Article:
The quarter is likely to suffer from a lack of Olympics and lower tech school ad money, but a bright spot is some early political spending and upward trending automotive.
In addition to political shortfalls typical of an odd-numbered year, Tegna will come up short because its many NBC affiliates will not be able to match revenue they garnered in last year’s 3Q when they aired the Olympic Summer Games. Auto advertising also remains problematic. Looking forward, CEO Dave Lougee said that if the FCC eases the ownership limits, Tegna will have ample headroom to expand and could also add to its portfolio in markets where it already has a presence.
After the company reports net loss of 45,000 cable subs in the second quarter, Comcast’s Steve Burke dismissed online streaming services, also known as virtual MVPDs, as immaterial. It’s a “a very tough business,” he said. “We are skeptical that it’s going to be a very large business or profitable business for the people that are in it.”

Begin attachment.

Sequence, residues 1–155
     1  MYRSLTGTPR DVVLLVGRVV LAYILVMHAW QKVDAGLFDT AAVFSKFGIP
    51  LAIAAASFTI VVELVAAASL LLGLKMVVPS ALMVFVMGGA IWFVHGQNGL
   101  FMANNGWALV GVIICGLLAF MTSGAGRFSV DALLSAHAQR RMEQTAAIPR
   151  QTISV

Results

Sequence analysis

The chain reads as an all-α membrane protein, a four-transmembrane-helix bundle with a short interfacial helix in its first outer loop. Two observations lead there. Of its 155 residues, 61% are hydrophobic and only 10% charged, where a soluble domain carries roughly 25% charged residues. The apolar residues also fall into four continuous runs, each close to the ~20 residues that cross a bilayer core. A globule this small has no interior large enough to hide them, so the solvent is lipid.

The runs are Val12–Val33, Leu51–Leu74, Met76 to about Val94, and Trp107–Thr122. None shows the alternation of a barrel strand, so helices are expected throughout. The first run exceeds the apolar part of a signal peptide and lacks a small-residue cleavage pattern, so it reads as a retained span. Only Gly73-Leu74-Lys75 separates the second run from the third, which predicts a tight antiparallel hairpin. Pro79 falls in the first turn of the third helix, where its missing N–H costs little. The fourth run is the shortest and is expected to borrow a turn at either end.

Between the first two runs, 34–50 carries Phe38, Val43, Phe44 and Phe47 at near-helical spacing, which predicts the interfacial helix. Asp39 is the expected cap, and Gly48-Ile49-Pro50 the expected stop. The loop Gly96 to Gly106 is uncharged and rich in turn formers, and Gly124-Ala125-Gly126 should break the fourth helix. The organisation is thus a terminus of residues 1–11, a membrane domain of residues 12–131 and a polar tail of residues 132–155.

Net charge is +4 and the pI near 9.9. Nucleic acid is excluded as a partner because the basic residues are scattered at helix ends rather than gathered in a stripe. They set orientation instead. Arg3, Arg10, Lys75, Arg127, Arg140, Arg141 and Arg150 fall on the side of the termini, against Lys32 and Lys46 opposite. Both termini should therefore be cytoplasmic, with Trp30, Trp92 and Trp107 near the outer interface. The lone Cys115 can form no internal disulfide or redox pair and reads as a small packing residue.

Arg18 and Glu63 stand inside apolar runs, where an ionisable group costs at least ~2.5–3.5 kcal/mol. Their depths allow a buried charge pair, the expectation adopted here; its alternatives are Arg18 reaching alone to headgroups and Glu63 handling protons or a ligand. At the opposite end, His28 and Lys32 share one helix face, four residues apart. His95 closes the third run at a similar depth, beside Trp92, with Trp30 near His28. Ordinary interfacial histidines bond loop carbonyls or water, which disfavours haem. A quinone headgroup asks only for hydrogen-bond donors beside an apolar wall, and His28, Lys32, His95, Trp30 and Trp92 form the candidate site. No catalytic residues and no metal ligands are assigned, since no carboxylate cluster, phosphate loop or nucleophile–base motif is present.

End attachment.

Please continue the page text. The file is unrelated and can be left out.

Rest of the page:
According to CFO Tom Carter, 1Q revenue that excludes the contributions from the recently acquired Media General stations broke down to: net revenue up 4.5% with local ad revenue up less than 1%, national ad revenue down less than 7%, retrans revenue up 32% and station website revenue up 12%. CEO Perry Sook said ad revenue now accounts for less than half the mega-group’s net revenue.
Like many groups, Tegna is enjoying increased income from retrans, which has been enough to offset the big loss of political advertisers and the more modest decrease in core revenue. EVP-CFO Victoria Harker said the company is on track to record a low-to-mid-single digit revenue gain in 2Q. A bright spot is the growth of OTT retrans fees in line with those paid by traditional MVPDs.